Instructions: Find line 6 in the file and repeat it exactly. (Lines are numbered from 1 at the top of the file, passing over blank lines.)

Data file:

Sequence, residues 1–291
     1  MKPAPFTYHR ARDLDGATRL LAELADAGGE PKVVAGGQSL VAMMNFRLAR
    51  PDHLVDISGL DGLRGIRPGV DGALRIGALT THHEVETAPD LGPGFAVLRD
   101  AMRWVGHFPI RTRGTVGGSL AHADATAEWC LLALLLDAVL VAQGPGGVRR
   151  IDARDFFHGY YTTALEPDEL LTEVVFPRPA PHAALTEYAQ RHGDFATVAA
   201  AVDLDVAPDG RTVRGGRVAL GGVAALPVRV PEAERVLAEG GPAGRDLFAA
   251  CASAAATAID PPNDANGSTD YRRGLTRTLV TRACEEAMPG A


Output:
   201  AVDLDVAPDG RTVRGGRVAL GGVAALPVRV PEAERVLAEG GPAGRDLFAA